Below is some advice from a national listserv of multimodal teachers about captioning videos. In addition, I have a brief blog post about captioning available here, but you might have to google some of the resources mentioned there, as the post is just a list of notes from a presentation I saw.
Software programs are available – and they are free! – for adding caption tracks to video content. MAGpie is probably the best known (developed by WGBH): http://ncam.wgbh.org/webaccess/magpie/index.html. Subtitle Workshop is good too: http://www.urusoft.net/products.php?cat=sw&lang=1
Also available are online tools that work on a crowdsourcing model – the crowd does the work for/with you — such as dotSUB.com and Overstream.net. You may want to submit a video to one of these sites and see if someone will transcribe and then caption it. Or you can do the captioning yourself. Both sites have an easy-to-use web interface for entering captions and time-stamps for each caption.
As far as I know, no captioning program will do time-consuming work for you. I’ve heard (and can confirm through personal experience) that it takes about 1 hour to caption 3 minutes of video.
I wouldn’t encourage you to rely solely on interpreters to make multimedia content accessible to students who are deaf or hard of hearing. The content itself needs to be accessible. The best way is to add text captions. But for ASL users who may struggle with written text, signed captions may also be appropriate (http://www.w3.org/TR/WCAG20/#media-equiv). In other words, the solution should always make the content itself accessible, rather than rely on outside people to interpret the content.
I wouldn’t say that YouTube is inaccessible, as I think someone has written in response to your message. Rather, captioning YouTube videos is not a priority for content creators/uploaders (if it’s even recognized as a component of multimedia design at all) and many of the YouTube videos are considered disposable anyway. Google’s video player now supports captions (see http://googlevideo.blogspot.com/2006/09/finally-caption-playback.html). The same support is available in YouTube: http://www.youtube.com/t/captions_about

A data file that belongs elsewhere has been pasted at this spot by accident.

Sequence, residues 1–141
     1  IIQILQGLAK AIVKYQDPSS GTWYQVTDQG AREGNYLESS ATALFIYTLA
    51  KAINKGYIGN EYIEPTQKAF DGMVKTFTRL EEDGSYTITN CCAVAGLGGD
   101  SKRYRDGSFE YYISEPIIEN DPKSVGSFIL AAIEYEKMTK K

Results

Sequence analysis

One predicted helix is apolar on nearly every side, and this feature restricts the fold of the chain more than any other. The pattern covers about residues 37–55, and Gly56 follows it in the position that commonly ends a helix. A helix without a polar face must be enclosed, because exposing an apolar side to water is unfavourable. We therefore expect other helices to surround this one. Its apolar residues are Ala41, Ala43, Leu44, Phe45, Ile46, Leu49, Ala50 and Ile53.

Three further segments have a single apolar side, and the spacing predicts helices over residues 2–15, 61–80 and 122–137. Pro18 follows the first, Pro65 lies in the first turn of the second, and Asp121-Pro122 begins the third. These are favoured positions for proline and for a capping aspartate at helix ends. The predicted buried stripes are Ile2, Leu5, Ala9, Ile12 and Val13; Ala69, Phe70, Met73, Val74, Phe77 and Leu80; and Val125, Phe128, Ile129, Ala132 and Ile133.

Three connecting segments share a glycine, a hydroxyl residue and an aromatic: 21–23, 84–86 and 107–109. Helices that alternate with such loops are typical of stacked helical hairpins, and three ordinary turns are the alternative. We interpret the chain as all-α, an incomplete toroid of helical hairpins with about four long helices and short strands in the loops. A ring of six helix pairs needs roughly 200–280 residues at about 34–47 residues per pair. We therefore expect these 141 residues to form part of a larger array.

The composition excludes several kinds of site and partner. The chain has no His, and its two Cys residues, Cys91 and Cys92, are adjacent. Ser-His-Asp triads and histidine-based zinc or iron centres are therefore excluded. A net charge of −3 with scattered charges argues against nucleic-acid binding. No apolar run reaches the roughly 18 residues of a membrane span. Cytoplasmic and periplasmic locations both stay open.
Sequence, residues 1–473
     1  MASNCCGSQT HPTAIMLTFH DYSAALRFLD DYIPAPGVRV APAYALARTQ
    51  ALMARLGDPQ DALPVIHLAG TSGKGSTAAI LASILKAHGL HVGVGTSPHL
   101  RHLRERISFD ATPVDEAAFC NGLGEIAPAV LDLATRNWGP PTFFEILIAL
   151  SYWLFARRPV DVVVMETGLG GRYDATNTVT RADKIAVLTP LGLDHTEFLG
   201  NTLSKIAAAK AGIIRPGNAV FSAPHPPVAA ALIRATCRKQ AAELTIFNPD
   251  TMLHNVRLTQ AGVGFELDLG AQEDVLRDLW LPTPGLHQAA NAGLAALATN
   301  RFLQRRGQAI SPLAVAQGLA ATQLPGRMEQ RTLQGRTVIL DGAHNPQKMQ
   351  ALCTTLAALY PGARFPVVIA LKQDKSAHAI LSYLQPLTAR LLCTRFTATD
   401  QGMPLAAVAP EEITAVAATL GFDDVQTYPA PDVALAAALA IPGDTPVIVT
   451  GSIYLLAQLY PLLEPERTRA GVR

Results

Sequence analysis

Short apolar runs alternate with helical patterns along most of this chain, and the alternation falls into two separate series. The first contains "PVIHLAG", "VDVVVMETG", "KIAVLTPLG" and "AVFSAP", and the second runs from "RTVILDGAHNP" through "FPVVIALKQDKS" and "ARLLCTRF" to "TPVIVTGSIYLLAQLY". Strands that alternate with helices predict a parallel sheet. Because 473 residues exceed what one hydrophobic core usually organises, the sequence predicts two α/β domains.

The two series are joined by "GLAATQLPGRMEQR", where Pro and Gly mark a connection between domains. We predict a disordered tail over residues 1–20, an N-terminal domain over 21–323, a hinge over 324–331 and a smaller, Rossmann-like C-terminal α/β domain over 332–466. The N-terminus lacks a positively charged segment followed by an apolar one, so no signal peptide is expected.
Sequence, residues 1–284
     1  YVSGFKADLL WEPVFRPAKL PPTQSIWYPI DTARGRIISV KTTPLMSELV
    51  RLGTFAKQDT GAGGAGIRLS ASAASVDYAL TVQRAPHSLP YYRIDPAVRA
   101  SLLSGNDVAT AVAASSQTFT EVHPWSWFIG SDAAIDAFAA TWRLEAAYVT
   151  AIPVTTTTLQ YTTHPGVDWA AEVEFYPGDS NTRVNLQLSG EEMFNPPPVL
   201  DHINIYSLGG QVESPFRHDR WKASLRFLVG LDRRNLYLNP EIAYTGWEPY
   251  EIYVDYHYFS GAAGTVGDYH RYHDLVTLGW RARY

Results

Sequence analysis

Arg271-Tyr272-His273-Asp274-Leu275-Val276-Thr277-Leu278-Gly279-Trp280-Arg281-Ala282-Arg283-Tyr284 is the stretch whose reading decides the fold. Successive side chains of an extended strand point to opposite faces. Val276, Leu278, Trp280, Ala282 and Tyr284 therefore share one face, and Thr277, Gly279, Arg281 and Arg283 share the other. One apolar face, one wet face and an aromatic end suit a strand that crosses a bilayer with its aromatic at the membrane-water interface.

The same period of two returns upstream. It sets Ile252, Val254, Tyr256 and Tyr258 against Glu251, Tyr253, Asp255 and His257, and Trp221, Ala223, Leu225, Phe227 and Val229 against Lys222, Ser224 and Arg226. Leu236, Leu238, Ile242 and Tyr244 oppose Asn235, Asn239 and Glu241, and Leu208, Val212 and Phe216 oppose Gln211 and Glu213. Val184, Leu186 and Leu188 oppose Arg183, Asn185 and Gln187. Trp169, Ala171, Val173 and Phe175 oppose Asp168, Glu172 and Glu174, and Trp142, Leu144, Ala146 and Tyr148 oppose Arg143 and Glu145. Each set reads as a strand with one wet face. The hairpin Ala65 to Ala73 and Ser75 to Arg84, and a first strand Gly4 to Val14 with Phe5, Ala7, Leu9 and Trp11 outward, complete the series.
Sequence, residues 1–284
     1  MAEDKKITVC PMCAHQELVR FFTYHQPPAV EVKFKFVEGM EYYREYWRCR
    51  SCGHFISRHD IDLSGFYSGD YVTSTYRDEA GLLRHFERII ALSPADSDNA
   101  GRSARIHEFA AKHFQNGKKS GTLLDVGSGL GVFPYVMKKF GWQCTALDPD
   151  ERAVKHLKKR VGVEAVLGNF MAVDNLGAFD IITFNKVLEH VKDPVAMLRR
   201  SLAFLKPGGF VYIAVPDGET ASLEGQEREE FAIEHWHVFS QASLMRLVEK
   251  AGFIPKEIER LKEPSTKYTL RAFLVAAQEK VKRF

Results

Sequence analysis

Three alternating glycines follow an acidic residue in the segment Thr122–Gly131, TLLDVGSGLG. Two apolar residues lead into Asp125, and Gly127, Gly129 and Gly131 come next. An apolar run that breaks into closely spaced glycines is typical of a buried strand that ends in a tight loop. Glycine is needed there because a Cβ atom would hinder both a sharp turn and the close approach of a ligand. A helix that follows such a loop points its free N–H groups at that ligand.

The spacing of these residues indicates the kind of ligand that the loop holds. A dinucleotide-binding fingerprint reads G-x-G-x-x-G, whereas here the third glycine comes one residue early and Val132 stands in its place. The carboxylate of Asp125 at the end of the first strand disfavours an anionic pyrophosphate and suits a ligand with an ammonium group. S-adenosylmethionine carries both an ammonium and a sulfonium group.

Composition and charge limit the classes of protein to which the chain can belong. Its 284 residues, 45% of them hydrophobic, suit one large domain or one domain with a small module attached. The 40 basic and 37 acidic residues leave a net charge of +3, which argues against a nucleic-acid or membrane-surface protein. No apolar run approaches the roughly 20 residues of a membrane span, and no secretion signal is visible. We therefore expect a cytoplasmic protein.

Finally, I’d inquire about your university’s own responsibility to provide reasonable accommodations under ADA and/or Section 508. In my state (Texas), institutions of higher education are required to adhere to the Texas Administrative Code. In the sections of the code concerned with web design (http://tinyurl.com/yostg2), the standards are essentially identical to Section 508. The 508 guideline for captions is: “A text equivalent for every non-text element shall be provided (e.g., via “alt,” “longdesc,” or in element content).” Audio and video are considered non-text. If your institution receives federal money, even indirectly (federal student loans), it is responsible for ensuring compliance with 508. Recently (see Target v. NFB), the courts seem to have resolved the question of whether the Internet is a “place” under ADA, so the ADA – which is intended to ensure reasonable accommodation for people with disabilities — is also in play when we have to figure out how to accommodate d
The safe, legal route is for you to work with your ADA compliance officer and your disability services office to ensure that videos are captioned for the two students in question. You run the risk of a lawsuit or an audit by the federal Office for Civil Rights if you don’t.
Thanks for posing your question to the list. I read this thread with great interest.
I’ve written about some of these issues: http://seanzdenek.com/?page_id=22